10. In the event of an extreme weather emergency can the facility sustain itself for at least 72 hours without endangering the health and welfare of the patients? Does the facility have back up power for HVAC and refrigeration of medications and food?

Ask the questions and make a real difference in the quality of care of your loved ones living in a nursing home or elderly care facility!

Facta non Verba

May 7, 2012   No Comments

Your Community in Dialogue: Dangers of Living Near Nuclear Power Plants

On April 13th, the U.S. Department of State canceled it’s travel advisory to Japan which had been active in one form or another for over a year since the Japan 3.11 earthquake, tsunami and subsequent nuclear power plant disaster.  There is no doubt that Japan has made remarkable progress in its recovery, but how did the country fare in the immediate days and weeks during their nuclear evacuation?  That evacuation may have saved lives, but to one demographic it was rather brutal – the elderly.  Dozens of senior citizens died as a result of the evacuation itself.

So what has been done to resolve such evacuation difficulties in the future?  According to one recent article, not much.  “We have set a terrible precedent for the rest of the nation and for any town in the world where nuclear plants are located,” said Katsutaka Idokawa, the mayor of Futaba, a town near the devastated Fukushima facility. “I see this disaster as a meltdown of Japan itself.”  Local community leaders in Japan fear that were the event to repeat today near their own communities, they would fair no better than the two towns surrounding Fukushima Diiachi did over a year ago.

Is the United States better prepared to meet the needs of its elderly and disabled population in the event of a nuclear disaster?  Are we even adequately prepared to meet the emergency needs of our general population during such an event?  Japan is extending its evacuation plans from a 10-mile radius immediately surrounding a nuclear power plant to 18 miles – in particular to mitigate the exact problems they found as they tried to evacuate their handicapped and elderly from the area of the Fukushima Daiichi disaster.  So how about the United States of America?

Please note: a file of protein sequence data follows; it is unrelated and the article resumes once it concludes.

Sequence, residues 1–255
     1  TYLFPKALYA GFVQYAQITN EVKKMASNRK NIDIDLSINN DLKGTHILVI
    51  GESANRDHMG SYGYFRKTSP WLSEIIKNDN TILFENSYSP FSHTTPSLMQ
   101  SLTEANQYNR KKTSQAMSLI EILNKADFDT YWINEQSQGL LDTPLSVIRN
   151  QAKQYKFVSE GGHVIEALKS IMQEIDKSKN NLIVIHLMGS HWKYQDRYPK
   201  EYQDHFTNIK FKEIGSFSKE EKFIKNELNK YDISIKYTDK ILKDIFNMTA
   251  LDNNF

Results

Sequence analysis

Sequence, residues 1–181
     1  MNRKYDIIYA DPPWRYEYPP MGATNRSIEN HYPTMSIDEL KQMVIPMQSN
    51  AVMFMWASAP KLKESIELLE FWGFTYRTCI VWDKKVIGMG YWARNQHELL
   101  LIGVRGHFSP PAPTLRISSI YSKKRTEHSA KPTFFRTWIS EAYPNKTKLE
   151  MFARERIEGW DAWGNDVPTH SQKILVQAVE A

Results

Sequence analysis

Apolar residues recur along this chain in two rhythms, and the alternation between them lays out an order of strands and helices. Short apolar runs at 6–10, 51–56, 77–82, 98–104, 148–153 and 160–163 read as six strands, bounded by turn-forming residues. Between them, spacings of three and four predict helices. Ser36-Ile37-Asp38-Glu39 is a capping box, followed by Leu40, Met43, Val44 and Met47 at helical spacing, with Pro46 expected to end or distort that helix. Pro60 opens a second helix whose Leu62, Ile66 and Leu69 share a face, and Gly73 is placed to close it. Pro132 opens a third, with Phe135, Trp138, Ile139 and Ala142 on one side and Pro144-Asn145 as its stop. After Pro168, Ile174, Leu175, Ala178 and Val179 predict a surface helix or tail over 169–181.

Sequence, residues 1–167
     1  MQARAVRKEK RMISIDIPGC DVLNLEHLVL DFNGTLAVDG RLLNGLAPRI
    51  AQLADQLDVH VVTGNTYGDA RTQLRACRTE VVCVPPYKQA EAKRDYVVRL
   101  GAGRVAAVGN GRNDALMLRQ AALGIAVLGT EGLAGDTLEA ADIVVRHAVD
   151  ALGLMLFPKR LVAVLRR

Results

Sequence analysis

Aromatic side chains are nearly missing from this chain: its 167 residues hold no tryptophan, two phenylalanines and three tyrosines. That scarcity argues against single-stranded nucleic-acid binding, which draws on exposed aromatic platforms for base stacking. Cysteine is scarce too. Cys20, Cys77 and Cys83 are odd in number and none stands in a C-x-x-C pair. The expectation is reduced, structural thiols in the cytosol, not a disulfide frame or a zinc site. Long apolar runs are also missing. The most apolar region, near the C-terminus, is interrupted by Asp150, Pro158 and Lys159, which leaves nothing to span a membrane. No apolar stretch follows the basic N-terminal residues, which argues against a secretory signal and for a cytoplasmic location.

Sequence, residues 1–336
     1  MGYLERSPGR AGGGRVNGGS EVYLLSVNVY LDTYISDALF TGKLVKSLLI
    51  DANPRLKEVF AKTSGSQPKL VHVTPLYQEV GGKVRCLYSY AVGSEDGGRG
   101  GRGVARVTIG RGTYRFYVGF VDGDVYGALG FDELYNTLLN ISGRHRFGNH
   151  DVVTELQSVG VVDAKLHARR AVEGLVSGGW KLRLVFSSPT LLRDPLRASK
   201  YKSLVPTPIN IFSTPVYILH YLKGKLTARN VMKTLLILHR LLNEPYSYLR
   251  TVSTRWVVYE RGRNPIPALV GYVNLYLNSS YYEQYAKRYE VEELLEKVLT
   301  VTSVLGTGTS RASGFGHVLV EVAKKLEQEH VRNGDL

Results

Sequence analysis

The Indian Point Energy Center located in Buchanan, New York is just 38 miles north of New York City, well within the 50 mile radius which the Nuclear Regulatory Commission indicates may have contaminated food and water in the aftermath of a nuclear power plant disaster. In March 2012, Bronx Assemblywoman Naomi Rivera wrote, “Recently the Nuclear Regulatory Commission denied a request for the operators of Indian Point Energy Center to provide an emergency preparedness and evacuation plan for the surrounding communities which are home to 20 million Americans in a tri-state area. In addition, there are serious questions as to the ability of local, state and federal government agencies to communicate and react to a nuclear emergency.”

In our last post we identified an ongoing initiative to promote community dialogue through this blog series.  In consideration of living in proximity to a nuclear power plant, we would suggest you ask the following questions of yourself, nuclear power plant representatives and of your own elected local officials:

  1. Do you know if you live in a 50-mile radius of a nuclear power plant?   With 104 nuclear reactors spread across the U.S., you might be surprised.  Find out here.
  2. Are you upwind or downwind of the nuclear power plant and what are the prevailing winds in your area? What is the evacuation plan for your community (read neighboorhood) in the event of a nuclear discharge or release?
  3. What plans have been established for elderly residents, nursing homes and the  handicapped during an evacuation?
  4. What plans have been established for infant day care facilites and schools?
  5. Considering the U.S. government warned Americans within 50 miles of Fukushima Daiichi to evacuate last March, why are our own local officials still stuck on the 10-mile radius evacuation plan? What do your local elected officials think of this fact?
  6. If such a nuclear disaster occurred, what local hospital is prepared to provide you emergency radiation exposure care?  Considering the very troubling results of a study performed at Johns Hopkins Hospital in 2009, a better question might be – how can you even know that hospital personnel will even be present to provide that emergency care?  (give you a hint – 39% of those responding in the aforementioned survey were not even willing to show up to work in case of a nuclear event)

If you live within 50 miles of a nuclear reactor, go ask your elected officials, city council, board of supervisors, Town Hall or other local leaders these very important questions!  Remember – don’t take no for an answer and don’t let this very important issue be marginalized.

Community leaders answer to YOU as members of the community!  You are important and you have a voice! Use that voice to be an instrument for change and progress.

After you get (or perhaps don’t get) those answers, come back to this blog and share “the answers” with emergency-minded citizens just like yourself and engage Your Community in Dialogue! Now it’s your turn!

Facta non Verba

 

April 19, 2012   No Comments